A day that will live in infamy…

3 Apr
USS Arizona by helicopter

USS Arizona Memorial – you can see the ship’s outline under the surface.

 

The only “must-see” item on our list when we were making our plans to visit Oahu was a trip to Pearl Harbor and the USS Arizona Memorial.

I’m no history buff (mainly because I struggle to remember the dates and details so it just seems easier to focus on the future), so although it made our list, it didn’t have any special significance to me – until I got there.

Let me start with the logistics in case you’re contemplating a trip to Pearl Harbor…

Tours of the USS Arizona Memorial are FREE but they only give out 2000 tickets each day (each for a specific time), so you’re advised to get there at 7am to claim tickets before they run out. We left our place in Hawaii Kai at 6:30am, assuming 30 minutes would be ample time to cover the 15 miles to Pearl Harbor.

Think again. Turns out Honolulu has quite the little rush hour. We pulled into the parking lot 75 minutes later and I was freaking out that we were going to be too late. Alas, we were fine. Even managed to score tickets to the 8:45 admission, so I think all the other tourists were stuck in the same traffic we were.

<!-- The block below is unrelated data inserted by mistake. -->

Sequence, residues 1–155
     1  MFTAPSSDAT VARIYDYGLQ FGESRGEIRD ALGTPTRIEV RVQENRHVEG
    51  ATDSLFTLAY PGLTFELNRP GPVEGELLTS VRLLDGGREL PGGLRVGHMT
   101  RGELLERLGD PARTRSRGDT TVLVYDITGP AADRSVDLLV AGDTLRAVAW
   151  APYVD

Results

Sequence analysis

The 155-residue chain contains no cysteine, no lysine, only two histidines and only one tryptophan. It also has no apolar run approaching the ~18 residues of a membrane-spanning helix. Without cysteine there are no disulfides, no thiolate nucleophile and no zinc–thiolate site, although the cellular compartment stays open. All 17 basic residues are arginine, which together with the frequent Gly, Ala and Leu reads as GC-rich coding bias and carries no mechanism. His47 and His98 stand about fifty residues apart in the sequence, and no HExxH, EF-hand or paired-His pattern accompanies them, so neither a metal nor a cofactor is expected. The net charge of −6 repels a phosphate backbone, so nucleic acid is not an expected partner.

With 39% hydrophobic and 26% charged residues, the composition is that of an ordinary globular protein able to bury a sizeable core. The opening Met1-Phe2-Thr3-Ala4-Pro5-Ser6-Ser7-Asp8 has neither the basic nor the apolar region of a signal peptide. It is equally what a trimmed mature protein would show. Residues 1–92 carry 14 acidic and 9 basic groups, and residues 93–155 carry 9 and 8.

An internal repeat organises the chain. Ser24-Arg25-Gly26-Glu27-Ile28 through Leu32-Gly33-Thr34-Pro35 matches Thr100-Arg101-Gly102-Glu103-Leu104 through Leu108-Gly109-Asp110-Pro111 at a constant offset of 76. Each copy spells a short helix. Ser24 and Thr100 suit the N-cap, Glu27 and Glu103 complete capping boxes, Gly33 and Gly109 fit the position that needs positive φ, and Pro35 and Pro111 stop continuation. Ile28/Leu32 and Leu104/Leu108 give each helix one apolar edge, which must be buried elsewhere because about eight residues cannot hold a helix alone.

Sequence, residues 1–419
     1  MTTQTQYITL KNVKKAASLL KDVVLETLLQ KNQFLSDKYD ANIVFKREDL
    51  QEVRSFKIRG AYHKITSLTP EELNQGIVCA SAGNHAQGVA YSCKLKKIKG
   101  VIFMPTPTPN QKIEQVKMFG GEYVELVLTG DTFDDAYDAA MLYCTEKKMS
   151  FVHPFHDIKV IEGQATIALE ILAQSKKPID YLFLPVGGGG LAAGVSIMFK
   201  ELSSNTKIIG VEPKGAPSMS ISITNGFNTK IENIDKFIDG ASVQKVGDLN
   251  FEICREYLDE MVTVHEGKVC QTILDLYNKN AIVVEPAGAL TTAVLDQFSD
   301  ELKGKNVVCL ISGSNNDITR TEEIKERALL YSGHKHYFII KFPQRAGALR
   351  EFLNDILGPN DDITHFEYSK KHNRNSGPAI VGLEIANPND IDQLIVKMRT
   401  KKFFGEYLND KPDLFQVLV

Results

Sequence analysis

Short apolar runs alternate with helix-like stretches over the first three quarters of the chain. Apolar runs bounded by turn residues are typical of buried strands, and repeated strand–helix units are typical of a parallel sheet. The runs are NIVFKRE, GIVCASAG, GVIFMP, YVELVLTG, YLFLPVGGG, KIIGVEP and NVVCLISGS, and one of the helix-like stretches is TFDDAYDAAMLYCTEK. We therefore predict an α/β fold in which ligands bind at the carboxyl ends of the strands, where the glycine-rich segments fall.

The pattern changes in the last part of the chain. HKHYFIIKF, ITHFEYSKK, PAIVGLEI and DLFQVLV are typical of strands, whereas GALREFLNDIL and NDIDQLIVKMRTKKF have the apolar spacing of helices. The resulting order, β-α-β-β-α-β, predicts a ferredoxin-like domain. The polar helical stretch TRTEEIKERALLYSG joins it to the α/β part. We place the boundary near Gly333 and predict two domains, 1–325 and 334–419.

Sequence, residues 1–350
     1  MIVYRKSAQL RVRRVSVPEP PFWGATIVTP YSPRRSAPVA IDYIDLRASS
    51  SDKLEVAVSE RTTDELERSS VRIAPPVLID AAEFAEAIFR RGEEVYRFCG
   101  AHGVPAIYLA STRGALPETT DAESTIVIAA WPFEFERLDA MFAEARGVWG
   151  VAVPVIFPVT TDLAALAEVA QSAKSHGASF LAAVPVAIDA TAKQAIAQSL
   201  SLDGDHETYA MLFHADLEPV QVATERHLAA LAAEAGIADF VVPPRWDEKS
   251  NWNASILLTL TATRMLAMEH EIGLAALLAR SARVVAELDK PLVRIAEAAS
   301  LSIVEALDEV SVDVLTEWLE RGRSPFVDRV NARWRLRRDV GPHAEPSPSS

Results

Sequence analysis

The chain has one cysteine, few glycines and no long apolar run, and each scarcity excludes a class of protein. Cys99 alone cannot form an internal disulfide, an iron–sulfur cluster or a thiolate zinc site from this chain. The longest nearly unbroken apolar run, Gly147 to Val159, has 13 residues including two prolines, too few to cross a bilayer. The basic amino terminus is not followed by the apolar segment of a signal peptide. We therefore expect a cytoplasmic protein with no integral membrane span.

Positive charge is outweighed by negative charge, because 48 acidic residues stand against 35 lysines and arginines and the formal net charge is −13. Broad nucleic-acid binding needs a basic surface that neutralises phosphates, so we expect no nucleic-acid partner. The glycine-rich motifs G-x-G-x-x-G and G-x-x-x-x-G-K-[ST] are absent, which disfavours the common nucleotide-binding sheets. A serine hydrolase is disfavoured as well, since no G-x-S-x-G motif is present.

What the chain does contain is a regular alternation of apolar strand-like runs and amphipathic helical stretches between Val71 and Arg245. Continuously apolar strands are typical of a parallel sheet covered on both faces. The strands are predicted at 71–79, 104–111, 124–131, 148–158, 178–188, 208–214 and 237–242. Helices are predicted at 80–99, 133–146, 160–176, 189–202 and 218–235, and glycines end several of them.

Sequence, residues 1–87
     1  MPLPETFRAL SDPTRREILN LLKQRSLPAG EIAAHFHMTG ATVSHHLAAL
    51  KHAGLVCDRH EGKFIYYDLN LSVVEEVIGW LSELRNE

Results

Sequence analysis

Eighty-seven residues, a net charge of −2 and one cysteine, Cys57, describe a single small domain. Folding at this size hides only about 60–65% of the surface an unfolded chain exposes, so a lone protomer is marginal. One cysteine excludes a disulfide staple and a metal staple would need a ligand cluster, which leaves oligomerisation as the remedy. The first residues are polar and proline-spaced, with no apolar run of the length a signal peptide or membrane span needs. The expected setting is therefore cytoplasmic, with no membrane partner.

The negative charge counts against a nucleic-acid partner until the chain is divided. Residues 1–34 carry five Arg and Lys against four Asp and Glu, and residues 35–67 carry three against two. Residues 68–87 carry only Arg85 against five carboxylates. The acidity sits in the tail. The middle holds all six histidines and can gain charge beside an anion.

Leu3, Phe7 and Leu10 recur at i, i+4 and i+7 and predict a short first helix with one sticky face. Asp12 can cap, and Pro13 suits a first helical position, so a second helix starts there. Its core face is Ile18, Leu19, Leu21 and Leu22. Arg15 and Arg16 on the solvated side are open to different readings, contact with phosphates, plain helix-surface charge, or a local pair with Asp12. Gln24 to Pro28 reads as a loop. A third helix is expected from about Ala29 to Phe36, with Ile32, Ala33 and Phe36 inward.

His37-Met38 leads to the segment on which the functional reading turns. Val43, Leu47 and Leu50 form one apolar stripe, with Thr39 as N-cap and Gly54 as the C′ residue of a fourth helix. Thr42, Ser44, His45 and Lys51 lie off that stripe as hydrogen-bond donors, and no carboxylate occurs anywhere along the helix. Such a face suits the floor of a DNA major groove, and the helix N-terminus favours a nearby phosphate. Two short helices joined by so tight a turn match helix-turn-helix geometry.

As we headed from the ticket booth, the National Anthem played, marking the opening of the Memorial at 8am. I have to say, when you’re looking out across the water where eight battleships were destroyed and where thousands of people lost their lives – pretty hard NOT to be moved when you hear our anthem.

The tour kicks off with a 30 minute movie that was well done and provided just the kind of WWII crash course I needed to appreciate the significance of the memorial. After viewing the video, we were herded onto a ferry that took us to the memorial, which is floating in the water above the remains of the Arizona.

I didn’t find the memorial itself that moving, but it does provide a good way to connect with the wreckage of the ship, since you can look straight down and see her underwater, knowing she still contains the bodies of over 1,000 people. THAT is moving.

When we were done at the USS Arizona, we toured the USS Bowfin, a submarine that boasts a pretty fortunate record from its missions, considering we lost 20% of our submarine fleet in WWII. I can’t fathom living on one of those vessels – just touring it was about as much as I could handle of the cramped quarters. (Admission was $12 and included an audio guide – definitely felt worth the money.)

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We wrapped up our visit to Pearl Harbor on the USS Missouri – a battleship that fought in WWII, the Korean War and the Gulf War. The “Mighty Mo” was the last battleship commissioned and the site of Japan’s surrender, which ended WWII. (Admission is $25 and includes both a guide-led tour and an audio tour.)

After a brief tour that covered some of the key highlights, we were left to explore on our own. It felt like we had full run of the ship – we were able to go downstairs and tour the living quarters (it’s good to be an officer!) and above deck we climbed to the wheelhouse, which impressed us with its bank vault-like door. It’s quite impressive that a ship like that functions as a self-contained city – making, baking or manufacturing pretty much anything it needs while at sea.